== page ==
What Makes a Post-Progressive?
Recently, I wrote about what I believe to be the current era of American history: the Post-Progressive Era. I explained how a general trend has emerged that evokes some of the memories of progressives in past decades but ultimately has a different character and set of values. This post will elaborate more on the phenomenon of post-progressivism and what its common features are, as it continues to take shape.
Post-progressivism appears to display the following features:
- Left-wing political ideology, as opposed to centrism
- Preference for values of identity politics over universal human values
- In addition to a focus on identity groups, a de-emphasis on economic class
- Criticism of markets and private ownership generally (Marxist influence)
- Support for state-sponsored programs, such as universal health care
- Episodic, pragmatic praise of corporations that pander to identitarian values (odd bed-fellows with the economic right-wing)
- Rejection of politically incongruous science and facts
- Hardline opposition to any military action
- Ambivalence toward progressivism
- A pursuit of justice over progress (hence “post-progressive”)
Like all political groupings, this is not a hard list, and some post-progressives as individuals may lack a couple of these features, but it reflects the general direction that seems to manifest itself. It is also worth noting that they possess similar features as other political groups. For example, they want to decriminalize marijuana and some other recreational drugs. They also want to restore Net Neutrality and resist climate change. In many ways, they are not all that radical. This is just highlighting the things that tend to distinguish them.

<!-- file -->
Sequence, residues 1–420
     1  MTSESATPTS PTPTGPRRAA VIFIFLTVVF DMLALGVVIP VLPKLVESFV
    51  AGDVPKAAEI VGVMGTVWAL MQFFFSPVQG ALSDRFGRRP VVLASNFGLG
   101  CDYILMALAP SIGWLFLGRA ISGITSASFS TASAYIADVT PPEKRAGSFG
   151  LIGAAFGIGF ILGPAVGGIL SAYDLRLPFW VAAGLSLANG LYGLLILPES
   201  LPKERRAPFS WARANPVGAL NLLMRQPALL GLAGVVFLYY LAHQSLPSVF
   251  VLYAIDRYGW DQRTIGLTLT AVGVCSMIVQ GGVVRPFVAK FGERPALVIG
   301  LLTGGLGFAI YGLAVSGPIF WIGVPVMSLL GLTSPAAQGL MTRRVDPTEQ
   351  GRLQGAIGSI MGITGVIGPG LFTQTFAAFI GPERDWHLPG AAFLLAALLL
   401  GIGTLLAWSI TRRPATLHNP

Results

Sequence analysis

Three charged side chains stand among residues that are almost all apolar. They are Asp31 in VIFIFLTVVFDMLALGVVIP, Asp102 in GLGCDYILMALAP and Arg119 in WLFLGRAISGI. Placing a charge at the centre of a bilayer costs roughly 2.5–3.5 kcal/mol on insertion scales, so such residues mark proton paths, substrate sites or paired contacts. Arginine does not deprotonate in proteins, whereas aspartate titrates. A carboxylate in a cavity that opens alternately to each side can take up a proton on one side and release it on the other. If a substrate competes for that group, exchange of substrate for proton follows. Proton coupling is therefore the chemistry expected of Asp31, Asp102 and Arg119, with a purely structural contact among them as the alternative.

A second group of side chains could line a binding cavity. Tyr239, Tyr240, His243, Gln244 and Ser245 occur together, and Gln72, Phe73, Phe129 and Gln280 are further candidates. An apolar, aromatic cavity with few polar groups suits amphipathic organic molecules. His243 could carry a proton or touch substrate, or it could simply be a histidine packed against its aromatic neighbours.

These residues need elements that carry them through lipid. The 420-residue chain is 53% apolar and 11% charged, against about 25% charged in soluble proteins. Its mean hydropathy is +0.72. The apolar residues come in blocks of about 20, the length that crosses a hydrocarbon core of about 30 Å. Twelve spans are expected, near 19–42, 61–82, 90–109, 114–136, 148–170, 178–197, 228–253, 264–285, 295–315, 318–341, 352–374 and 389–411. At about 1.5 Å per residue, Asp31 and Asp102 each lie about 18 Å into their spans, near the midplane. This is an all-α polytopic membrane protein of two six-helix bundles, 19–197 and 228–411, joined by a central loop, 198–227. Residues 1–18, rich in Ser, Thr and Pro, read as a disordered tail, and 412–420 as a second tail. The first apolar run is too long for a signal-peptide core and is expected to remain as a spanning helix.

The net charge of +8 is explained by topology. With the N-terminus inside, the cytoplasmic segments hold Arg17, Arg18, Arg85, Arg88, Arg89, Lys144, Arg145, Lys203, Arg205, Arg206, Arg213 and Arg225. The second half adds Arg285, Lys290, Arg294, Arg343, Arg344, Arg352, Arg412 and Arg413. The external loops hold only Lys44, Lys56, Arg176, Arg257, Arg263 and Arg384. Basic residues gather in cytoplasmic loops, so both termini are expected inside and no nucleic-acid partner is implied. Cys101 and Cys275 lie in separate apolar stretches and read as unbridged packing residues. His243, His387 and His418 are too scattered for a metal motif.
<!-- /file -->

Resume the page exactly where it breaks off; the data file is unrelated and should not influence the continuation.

- Democratic Socialists of America
- Justice Democrats
- Black Lives Matter (with exceptions in respect to local autonomy)
- The Young Turks
Relationship to Progressivism
Naturally, this movement does have a relationship to progressive politics. One area of similarity is a critical attitude of unfettered capitalism and a concern about inequality. Post-progressives also favor certain public programs and borrow progressive terminology (Green New Deal).
Nevertheless, their major outlook and goals diverge decisively. Where progressives are social democrats, post-progressives are often democratic socialists. Where progressives have tended to see civics as a unifying umbrella of human experience and values, post-progressives believe in distinct groups along lines such as race, sex, gender/orientation, religion, and other traits that are often treated as immutable. They go on to view that these groups are mutually exclusive from common understanding and value. Hence, there can be no general progress of human beings, only justice for groups over harms by another group.
Post-progressives are not as welcoming of scientific advancements into the realm of policy as the progressives of old, even if they do abide by science better than the theocrats of the political right. While science does influence their positions of issues like climate change, they tend to abandon biological science about human beings that comes off as offensive.
Post-progressives are a reaction to the events and problems of the time. They consist primarily of millennials who have come of age during events such as the Great Recession of 2008, record wealth inequality, the Iraq War, America’s first non-white President, the melting of glaciers and sea-level rise, increased optics about police brutality/prison abuse, and the Patriot Act and Snowden leaks. With the large gap in time between them and previous progressive movements, it is therefore unsurprising that they diverge significantly and have adopted values that are unrelated to or even in conflict with progressivism.